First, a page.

ON MY MIND
The Pew Research Center's new poll of Russians (featured in yesterday's Morning Vertical) includes some numbers that should cause Vladimir Putin some sleepless nights.
Support for the Kremlin leader's management of the economy and energy policy has slipped by 15 percentage points since 2015. Putin has also lost 13 percentage points of support for his handling of corruption.
Putin is also losing altitude in his handling of foreign affairs.
Support for his handling of Ukraine has dropped 20 percentage points since 2015. Support for his handling of the EU is down 15 percentage points over the same time period. And support for his handling relations with the United States and China are both down 12 percentage points.
Granted, Putin still has majority support on all these issues, save corruption (where he has 49 percent support). But the trend lines must be troubling six months before an election.
So is Putin just coming down from what was a very high baseline in 2015? Or are these numbers harbingers of a more dangerous trend for the regime?
IN THE NEWS
Jurors are deliberating in the Moscow trial of five men from the Russian North Caucasus republic of Chechnya who are charged in connection with the 2015 killing of former Deputy Prime Minister and opposition politician Boris Nemtsov.
A U.S. official said Russian government-linked hackers targeted election systems in at least 21 U.S. states during the 2016 presidential election campaign, the first time the U.S. government has publicly identified the scope of the Russian effort.
Russia's defense minister claims that the security situation near the western borders has worsened and Russia will beef up its forces there.
The U.S. State Department has expressed "regret" about a Kremlin decision to cancel a meeting between U.S. Undersecretary of State Thomas Shannon and Russian Deputy Foreign Minister Sergei Ryabkov.
A silver medalist at the Beijing Olympics, Anastasia Kapachinskaya, and two other Russian athletes have been banned for four years for doping.
The trial of Ilmi Umerov, a Crimean Tatar leader who has criticized Russia's seizure of the Black Sea peninsula from Ukraine, resumed on June 21.
The trial of Mykola Semena, an RFE/RL contributor who is fighting what he says is a politically motivated separatism charge on the Russian-controlled peninsula, has been adjourned until July 7.
Ukrainian activist Natalya Kharchenko says she has fled the Russian-annexed Ukrainian region of Crimea, fearing for her safety.
Ukrainian President Petro Poroshenko has said that representatives from U.S. President Donald Trump’s administration have agreed to visit Kyiv "in the near future" and will sign "very important" defense agreements.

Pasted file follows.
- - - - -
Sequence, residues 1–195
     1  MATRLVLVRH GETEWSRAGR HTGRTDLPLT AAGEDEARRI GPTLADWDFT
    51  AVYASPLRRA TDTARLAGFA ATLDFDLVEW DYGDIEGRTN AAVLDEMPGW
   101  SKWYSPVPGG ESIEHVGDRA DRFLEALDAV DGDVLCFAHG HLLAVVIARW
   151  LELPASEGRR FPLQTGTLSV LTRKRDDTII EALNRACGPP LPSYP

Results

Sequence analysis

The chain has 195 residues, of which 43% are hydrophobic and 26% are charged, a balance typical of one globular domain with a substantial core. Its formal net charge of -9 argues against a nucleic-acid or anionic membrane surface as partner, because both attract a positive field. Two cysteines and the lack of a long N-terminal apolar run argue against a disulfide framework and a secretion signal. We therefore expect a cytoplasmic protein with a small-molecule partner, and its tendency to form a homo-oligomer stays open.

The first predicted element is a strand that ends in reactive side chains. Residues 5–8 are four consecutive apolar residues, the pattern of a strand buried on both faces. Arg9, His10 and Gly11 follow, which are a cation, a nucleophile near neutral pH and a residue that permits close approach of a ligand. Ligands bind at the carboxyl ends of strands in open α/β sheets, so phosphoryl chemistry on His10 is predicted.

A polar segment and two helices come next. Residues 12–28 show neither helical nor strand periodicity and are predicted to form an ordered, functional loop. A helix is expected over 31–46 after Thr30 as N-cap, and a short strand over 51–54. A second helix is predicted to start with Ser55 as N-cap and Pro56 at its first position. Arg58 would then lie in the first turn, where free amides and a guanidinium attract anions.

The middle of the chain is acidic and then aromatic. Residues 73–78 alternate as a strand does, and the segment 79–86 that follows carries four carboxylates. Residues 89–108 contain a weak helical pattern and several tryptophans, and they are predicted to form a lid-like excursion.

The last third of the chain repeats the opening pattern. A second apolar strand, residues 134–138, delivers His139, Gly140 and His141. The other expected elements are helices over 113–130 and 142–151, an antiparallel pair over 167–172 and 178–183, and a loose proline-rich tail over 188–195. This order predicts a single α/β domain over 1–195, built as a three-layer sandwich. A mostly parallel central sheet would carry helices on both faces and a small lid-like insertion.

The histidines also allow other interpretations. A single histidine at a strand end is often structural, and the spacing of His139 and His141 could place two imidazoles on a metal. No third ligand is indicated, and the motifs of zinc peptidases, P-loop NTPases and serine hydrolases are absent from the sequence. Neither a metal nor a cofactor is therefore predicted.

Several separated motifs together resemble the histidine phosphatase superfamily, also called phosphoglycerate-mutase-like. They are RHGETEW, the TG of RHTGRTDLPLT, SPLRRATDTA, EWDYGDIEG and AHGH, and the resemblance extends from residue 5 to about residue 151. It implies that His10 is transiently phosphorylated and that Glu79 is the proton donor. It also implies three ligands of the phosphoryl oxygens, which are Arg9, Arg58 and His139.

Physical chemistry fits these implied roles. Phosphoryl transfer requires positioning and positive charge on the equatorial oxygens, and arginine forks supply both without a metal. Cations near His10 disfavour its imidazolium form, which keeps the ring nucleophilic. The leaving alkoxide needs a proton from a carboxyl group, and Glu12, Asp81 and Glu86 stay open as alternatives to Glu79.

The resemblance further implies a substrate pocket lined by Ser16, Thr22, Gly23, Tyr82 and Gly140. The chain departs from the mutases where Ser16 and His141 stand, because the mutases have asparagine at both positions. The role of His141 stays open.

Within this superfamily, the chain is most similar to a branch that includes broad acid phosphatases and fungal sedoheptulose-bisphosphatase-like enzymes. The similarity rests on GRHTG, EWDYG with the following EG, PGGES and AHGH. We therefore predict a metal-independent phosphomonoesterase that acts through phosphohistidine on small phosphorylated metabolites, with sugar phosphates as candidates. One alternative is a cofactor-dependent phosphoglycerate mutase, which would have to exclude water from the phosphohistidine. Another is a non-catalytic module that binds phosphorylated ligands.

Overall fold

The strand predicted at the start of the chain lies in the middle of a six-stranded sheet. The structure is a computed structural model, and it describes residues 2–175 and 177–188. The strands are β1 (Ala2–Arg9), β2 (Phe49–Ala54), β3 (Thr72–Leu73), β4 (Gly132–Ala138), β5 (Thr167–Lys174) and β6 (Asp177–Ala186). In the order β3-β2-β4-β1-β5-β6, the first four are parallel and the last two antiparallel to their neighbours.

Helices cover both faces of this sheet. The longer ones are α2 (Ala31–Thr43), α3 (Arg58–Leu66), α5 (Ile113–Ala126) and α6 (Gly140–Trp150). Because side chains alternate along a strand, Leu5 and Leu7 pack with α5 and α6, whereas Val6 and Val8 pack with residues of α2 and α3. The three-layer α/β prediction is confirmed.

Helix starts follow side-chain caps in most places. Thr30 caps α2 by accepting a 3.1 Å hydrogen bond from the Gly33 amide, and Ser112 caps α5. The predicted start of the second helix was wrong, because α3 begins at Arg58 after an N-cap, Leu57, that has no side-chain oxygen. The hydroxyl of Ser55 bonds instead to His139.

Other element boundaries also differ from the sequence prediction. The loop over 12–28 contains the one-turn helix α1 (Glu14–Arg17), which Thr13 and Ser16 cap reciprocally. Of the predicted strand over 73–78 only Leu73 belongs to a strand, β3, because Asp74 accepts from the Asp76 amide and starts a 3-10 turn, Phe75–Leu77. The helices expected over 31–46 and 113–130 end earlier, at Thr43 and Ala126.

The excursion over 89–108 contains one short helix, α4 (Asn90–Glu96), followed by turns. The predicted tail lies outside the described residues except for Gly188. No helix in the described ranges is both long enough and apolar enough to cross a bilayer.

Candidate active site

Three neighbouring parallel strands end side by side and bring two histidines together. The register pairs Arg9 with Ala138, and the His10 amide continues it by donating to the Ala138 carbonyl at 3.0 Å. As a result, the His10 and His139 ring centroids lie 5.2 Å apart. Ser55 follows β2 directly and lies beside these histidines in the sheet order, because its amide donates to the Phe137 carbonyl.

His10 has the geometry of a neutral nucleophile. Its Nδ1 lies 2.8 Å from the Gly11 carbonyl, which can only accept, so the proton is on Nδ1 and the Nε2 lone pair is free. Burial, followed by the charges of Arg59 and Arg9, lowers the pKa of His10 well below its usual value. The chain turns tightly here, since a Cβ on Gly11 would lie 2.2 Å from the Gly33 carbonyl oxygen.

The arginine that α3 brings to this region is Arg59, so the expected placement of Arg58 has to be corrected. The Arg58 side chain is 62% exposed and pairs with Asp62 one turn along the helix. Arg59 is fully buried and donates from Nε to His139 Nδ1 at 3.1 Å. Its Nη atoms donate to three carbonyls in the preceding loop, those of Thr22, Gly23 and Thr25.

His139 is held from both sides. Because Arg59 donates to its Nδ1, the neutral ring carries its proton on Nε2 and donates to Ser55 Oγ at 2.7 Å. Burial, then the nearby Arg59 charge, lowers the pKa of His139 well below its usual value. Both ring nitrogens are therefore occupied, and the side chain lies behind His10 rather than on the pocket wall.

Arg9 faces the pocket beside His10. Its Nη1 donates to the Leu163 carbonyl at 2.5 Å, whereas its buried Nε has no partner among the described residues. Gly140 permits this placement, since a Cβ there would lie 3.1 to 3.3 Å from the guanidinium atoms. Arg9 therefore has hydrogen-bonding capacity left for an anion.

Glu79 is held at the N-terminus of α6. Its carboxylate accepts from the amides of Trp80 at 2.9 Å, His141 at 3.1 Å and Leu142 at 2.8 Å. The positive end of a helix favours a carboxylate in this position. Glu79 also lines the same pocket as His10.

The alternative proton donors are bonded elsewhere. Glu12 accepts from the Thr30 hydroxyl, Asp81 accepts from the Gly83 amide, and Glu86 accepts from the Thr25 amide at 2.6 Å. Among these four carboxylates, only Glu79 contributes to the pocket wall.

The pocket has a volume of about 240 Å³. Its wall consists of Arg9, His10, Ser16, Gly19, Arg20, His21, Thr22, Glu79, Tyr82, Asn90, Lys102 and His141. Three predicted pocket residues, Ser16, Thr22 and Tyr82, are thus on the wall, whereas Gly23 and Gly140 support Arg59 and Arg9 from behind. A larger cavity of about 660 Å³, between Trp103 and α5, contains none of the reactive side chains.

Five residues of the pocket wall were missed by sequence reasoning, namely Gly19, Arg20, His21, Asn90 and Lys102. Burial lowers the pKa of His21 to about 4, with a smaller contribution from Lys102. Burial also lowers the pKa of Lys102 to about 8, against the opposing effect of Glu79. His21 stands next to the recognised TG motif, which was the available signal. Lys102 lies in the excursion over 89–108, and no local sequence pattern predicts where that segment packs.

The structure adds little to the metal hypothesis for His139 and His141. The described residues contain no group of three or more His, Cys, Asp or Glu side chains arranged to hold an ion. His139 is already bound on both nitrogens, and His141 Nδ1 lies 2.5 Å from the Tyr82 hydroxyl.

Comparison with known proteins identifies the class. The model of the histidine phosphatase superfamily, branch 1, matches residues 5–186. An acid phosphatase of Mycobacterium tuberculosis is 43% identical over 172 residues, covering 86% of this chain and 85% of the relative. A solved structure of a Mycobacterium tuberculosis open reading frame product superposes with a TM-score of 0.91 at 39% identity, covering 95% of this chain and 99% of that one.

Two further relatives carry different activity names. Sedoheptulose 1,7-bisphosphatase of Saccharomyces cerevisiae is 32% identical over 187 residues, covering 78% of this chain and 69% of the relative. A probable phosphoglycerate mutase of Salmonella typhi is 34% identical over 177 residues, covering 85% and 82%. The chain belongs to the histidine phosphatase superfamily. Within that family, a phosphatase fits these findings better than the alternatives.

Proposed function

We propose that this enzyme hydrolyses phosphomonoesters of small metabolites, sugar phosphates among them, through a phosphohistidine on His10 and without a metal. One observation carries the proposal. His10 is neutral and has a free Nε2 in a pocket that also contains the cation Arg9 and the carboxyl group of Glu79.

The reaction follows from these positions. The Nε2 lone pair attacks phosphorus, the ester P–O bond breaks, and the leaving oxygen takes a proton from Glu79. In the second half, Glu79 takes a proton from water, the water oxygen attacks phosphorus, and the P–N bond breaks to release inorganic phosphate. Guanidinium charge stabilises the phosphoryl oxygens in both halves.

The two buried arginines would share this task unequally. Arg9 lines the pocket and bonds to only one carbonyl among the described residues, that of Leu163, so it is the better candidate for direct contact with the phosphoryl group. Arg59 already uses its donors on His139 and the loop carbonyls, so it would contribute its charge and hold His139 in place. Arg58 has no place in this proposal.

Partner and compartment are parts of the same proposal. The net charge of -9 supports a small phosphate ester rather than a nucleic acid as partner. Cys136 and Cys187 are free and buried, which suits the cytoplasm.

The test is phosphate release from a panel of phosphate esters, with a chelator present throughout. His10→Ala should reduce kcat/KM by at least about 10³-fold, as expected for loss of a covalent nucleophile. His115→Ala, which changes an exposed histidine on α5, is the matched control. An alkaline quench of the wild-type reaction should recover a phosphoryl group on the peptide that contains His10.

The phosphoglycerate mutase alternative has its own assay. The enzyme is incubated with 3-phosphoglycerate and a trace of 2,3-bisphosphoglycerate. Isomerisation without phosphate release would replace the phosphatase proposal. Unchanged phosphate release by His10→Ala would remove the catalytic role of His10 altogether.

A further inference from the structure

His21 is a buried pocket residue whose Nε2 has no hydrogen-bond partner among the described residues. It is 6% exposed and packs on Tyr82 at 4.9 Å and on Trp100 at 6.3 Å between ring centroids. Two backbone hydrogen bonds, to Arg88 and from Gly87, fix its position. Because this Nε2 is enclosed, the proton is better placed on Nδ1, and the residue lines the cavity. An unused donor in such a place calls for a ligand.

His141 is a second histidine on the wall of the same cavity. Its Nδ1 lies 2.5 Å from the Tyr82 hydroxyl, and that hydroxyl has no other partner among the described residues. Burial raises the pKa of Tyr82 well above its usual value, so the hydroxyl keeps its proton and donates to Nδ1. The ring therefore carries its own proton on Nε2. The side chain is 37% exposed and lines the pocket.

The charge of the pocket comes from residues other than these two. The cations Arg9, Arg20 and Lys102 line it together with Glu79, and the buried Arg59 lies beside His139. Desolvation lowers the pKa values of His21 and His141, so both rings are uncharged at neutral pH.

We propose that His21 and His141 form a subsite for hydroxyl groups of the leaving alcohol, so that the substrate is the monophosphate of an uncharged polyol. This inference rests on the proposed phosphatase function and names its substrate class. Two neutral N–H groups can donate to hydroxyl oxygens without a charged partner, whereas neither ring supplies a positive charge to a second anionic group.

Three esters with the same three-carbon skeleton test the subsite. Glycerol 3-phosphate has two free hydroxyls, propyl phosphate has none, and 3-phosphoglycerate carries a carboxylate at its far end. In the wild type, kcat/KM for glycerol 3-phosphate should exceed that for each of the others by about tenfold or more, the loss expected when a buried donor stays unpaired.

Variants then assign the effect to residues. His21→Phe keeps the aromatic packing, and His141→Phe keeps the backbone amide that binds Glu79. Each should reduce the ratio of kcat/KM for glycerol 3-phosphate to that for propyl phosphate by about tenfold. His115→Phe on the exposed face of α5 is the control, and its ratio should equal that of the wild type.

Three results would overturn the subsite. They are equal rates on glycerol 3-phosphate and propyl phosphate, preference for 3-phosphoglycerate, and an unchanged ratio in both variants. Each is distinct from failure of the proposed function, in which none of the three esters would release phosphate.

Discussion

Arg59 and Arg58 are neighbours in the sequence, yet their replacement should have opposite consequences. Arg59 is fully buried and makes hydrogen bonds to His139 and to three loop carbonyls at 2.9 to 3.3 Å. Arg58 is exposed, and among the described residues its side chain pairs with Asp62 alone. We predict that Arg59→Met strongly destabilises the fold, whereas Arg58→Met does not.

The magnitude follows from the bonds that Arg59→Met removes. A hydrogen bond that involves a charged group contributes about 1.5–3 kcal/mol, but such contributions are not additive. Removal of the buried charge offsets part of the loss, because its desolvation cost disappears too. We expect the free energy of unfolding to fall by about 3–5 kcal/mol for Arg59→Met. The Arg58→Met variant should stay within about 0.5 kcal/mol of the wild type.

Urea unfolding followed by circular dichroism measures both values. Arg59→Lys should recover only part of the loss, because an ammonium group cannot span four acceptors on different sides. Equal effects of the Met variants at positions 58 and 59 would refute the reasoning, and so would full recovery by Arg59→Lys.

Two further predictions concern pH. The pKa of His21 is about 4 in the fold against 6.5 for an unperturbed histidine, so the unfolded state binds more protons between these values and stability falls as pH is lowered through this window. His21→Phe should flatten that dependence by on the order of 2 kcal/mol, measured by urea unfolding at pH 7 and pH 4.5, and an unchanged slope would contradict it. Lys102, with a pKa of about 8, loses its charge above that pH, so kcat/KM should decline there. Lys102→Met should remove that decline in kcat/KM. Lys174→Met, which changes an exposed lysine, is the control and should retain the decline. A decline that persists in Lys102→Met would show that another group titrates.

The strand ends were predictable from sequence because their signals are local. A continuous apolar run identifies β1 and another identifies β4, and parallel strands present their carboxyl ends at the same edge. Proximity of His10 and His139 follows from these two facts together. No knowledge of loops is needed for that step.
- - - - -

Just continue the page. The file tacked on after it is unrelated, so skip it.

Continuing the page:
WHAT I'M READING
Remembering Viktor Tsoi
Meduza has a series of pieces remembering Viktor Tsoi, legendary front man of the groundbreaking Soviet-era rock band Kino, who would have turned 55 this week, on June 21.
Meduza also has a story looking at how the Kino song Peremen (Change) became the protest anthem of the perestroika era, despite the fact that Tsoi didn't intend it to be a protest song.
Back in 2015, on the 25th anniversary of Tsoi's death, I wrote this piece, Viktor Tsoi And The Russia That Never Was, on The Power Vertical blog. I think it is just as relevant on the 55th anniversary of his birth.
NATO And The EU
Julia Himmrich and Denitsa Raynova of the European Leadership Network follow up on an earlier report and take a look at how EU member states can strengthen the EU-NATO relationship.
Russia's Balkan Play
In Politico, Moscow-based journalist Howard Amos looks at the role Security Council Secretary Nikolai Patrushev plays in Russian policy in the Balkans.
And in Balkan Insight, Marcus Tanner argues that Russia's strategic plans are failing in the Balkans.
Russian Views Of Ukraine; Ukrainian Views Of Russia
On The Atlantic Council's website, Taras Kuzio looks at the evolution of Russian and Ukrainian attitudes about each other.
The Banality Of Putin
In The New York Review of Books, Robert Cottrell, a former Moscow bureau chief for The Economist and The Financial Times, parses Oliver Stone's interview with Vladimir Putin.
And the Digital Forensics Research Lab explains how Putin fell for his own fake news.
Navalny And Protest
Moscow-based journalist Anna Arutunyan, author of the book The Putin Mystique, has a piece in Raam Op Rusland, arguing that Navalny should stop protesting.
Death By Poisoning
BuzzFeed has published the latest installment of its series on alleged Russian assassinations in the U.K. focusing on the use of poison.